Wednesday, 19 June 2013

Renewable Energy Options for your Home

Last week I profiled the Green Deal as a way to fund home improvements that will reduce your energy bills. This week I'm staying on this theme by explaining the options out there for generating your own energy.

Most of us will be aware of domestic wind and solar power technologies, but I want to feature some of the other domestic energy generation technologies that are available.  The majority of these technologies have been around for a number of years and have proven to be robust and highly efficient.  But for whatever reason, they have not been embraced in the UK to the extent that they have elsewhere.  This is a great shame, because there are some really superb systems out there that can greatly reduce your energy costs.

micro combined heat and power systems
The first technology I would like to profile is micro combined heat and power (also called micro-CHP or cogeneration) systems.  Micro-CHP systems generate both electricity and heat, using natural gas as a fuel.  Whilst not strictly a renewable energy generation equipment, these systems deserve attention as they are highly efficient and will substantially reduce your energy costs.

Industry experts expect Micro-CHP systems to supplant the domestic boiler to become the norm in our homes in the coming years.

When my boiler has come to the end of its life I will definitely be looking to replace it with a Micro-CHP system.

biomass boilers
Staying on the boiler theme, the second technology that I would like to highlight is the biomass boiler.   This is basically a wood burner connected to a home's central heating or boiler.  Biomass boilers work by burning the wood fuel and then storing the heated water produced, which then feeds into the central heating when required.

Your biomass boiler could also earn you money under the Government's Renewable Heat Incentive scheme.

ground or air source heating
Ground source heat pumps and air source heat pumps operate by extracting heat (either from the ground or air around your home) and turning it into hot water in a water cylinder. The generated hot water can then be used to heat your home.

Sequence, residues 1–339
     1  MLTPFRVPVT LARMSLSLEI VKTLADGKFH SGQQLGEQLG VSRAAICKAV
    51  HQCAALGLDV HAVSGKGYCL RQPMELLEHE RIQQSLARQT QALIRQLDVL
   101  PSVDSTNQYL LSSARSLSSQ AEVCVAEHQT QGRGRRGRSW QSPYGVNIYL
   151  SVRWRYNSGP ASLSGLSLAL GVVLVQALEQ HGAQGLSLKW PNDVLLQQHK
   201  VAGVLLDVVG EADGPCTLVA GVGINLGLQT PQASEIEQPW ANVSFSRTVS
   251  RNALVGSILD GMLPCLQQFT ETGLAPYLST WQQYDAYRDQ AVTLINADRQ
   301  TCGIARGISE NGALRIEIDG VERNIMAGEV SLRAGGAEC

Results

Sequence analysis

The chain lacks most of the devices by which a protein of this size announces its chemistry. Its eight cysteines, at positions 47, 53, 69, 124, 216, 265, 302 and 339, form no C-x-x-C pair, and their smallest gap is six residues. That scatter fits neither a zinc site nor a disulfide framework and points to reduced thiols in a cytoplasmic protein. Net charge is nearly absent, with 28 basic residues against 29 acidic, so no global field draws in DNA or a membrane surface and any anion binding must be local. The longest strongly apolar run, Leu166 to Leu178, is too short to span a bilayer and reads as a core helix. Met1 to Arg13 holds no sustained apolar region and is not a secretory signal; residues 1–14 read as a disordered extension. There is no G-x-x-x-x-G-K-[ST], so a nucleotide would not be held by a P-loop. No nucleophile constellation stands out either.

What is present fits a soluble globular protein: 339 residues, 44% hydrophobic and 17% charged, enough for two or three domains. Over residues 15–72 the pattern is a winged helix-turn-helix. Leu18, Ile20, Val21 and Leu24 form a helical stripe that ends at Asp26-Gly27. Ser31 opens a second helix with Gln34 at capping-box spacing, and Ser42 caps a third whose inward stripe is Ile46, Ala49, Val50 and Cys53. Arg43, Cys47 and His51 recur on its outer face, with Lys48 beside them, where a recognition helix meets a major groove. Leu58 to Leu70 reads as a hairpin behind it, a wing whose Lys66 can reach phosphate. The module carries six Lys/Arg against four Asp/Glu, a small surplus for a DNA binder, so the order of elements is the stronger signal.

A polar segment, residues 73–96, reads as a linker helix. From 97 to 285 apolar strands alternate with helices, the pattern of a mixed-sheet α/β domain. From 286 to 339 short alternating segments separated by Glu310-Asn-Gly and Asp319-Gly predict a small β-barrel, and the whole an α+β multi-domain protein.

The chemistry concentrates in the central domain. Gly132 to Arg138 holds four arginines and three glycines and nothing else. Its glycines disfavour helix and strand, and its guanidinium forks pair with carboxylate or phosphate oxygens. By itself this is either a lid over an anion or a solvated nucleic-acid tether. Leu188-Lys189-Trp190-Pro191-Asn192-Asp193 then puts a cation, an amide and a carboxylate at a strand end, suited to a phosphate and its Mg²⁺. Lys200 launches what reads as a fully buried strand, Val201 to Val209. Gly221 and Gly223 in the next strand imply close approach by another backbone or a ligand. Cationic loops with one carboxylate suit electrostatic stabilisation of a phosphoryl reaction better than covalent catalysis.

A great benefit of heat pumps is that they double up as cooling devices, and can be used to maintain a comfortable temperature in your home on warm summer days.  Heat pumps are also highly efficient and require little maintenance.  Heat pumps can be used in tandem with underfloor heating to dramatically reduce your heating bills.

home hydroelectric systems
Hydroelectric systems (or Hydropower systems) convert running water, usually a nearby river or stream, into electricity.  Installation costs can be high (expect to pay £25,000 or upwards!), but maintenance costs are low as hydro systems are highly reliable.

Not many people can say that they have an HEP source at the bottom of their garden.  So these devices may be expensive but they make a great status symbol! If I had the money, and lived next to a river, I would certainly be looking into installing one.

further information
The purpose of this piece is to highlight that there are options out there beyond solar panels and wind turbines.  Over the coming weeks I will be assessing these technologies in greater detail.

I will also be flagging up the potential sources of funding (beyond the Green Deal) to help pay for their installation.

The regularly updated House-Saver website will also continue to be a great source of advice on domestic renewable energy and energy efficiency home improvements.

In the meantime if you have any comments on these technologies, or if there are any renewable energy technologies that I have not mentioned that warrant attention, please let us know.


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